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April 11, 2011 / jasonpinto

What’s On Your Homepage?

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A large number of marketing brains converged on the city of Boston last week for Radian6’s User Conference. Even though I was not an attendee, I still managed to read a decent amount of the tweets via the #social2011 hashtag.

One tweet/quote that has stuck in my brain came from Dell’s presentation. The exact text of the quote varies slightly on a few different tweets. But the point of it was this: “For employees, Dell.com is not their homepage when they visit the web. Instead, it is YouTube. Or Twitter. Or Google. Their homepages are search engines that help them to see and listen to conversations that customers and prospects are having about them”.

That quote should push us all to consider what our top priority truly is.

Are we spending time focusing on what we care about?

Or are we determined to find and hear the thoughts of our customers and prospects?

 

 

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5 Comments

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  1. Trish / Apr 11 2011 1:39 pm

    Jason,

    Glad you could be a part of our conference even though you weren’t there physically. Hope you enjoyed what was being shared. Thanks for adding your thoughts on the conversation. Since you weren’t there live with us, you might enjoy some photos and some of the music that seemed to get people talking: http://www.radian6.com/blog/2011/04/thank-you-for-a-rockin-social2011/

    Enjoy!

    Trish (@Dayngr)
    Community Manager at Radian6

  2. jasonpinto / Apr 11 2011 1:49 pm

    Trish!
    Thank you very much for this comment. The timing was extremely impressive 🙂

    Also, thank you for sharing the link to the recap. I was already in the “fan” camp of your conference based on the speakers and topics that you had. Now, after seeing the YouTube playlist of songs that you played at the show — I am absolutely blown away. You guys absolutely rock.

    Sincerely,
    Jason

  3. Trish / Apr 11 2011 1:52 pm

    Thanks! We certainly appreciate that. We work hard at listening and engaging (go figure!) and the music seemed to really strike a chord so naturally, we shared it. =)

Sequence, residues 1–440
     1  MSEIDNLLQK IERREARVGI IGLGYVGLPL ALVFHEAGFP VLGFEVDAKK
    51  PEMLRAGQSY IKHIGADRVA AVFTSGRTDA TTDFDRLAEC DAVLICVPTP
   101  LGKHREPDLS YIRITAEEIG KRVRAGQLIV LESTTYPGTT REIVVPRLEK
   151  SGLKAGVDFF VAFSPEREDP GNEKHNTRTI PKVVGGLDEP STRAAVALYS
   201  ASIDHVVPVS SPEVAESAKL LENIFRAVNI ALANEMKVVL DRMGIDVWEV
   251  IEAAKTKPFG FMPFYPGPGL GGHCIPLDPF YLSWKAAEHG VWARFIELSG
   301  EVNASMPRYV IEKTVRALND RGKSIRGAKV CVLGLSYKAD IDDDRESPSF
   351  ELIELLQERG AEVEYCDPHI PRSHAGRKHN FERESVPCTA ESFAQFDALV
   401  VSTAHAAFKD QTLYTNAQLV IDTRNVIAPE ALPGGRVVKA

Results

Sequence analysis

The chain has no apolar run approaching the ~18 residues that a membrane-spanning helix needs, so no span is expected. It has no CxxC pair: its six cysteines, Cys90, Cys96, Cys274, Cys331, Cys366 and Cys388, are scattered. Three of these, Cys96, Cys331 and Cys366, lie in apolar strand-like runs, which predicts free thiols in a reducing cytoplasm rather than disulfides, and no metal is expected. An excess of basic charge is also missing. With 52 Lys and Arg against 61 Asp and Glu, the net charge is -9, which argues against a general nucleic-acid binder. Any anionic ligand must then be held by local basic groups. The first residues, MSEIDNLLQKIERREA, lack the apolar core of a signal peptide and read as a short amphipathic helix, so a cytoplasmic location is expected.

Trish (@Dayngr)
    Community Manager at Radian6

  4. Kevin Keane / Apr 11 2011 3:10 pm

    Hi Jason

    This really is the seismic CRM paradigm shift you have underscored — the notion that we have to engage our clients on their turf and on their terms.

    As you know, among my interests, driven by a series of personal tragedies in my family, is to provide estate planning services to families. My tagline is Estate Planning with Empathy — and in order to walk that talk, I engage my clients in their homes, in the evening, on weekends, whenever and wherever — on their turf and on their terms.

    I am still astounded by the number of websites who are essentially saying — fill out our contact form and we will see if we deem you worth of our response. Not good enough, especially for the text generation.

    The objections you hear from these firms who do not have a real persons name, e-mail, Twitter handle, Facebook address, Linked In address or phone number is that they are worried about spam. Get over it!

    Paul Castain had posted last year that Dell figures it has generated about $3 million dollars of revenues by engaging clients thru Twitter.

    That’s real money from real clients, but not passive take it or leave it clients, these folks have a new set of expectations. Scary, but we aren’t going back to the old ways!

    As always I love your Blog Jason, keep up the awesome work product!

    Kevin

  5. jasonpinto / Apr 11 2011 3:18 pm

    Kevin, thank you very much for that comment.

    One of the lines in your post absolutely helps to underscore the truth of the situation: If people feel that companies are waiting to “see if we deem you worthy of our response”, then that will (should?) end any chance of that relationship moving forward.

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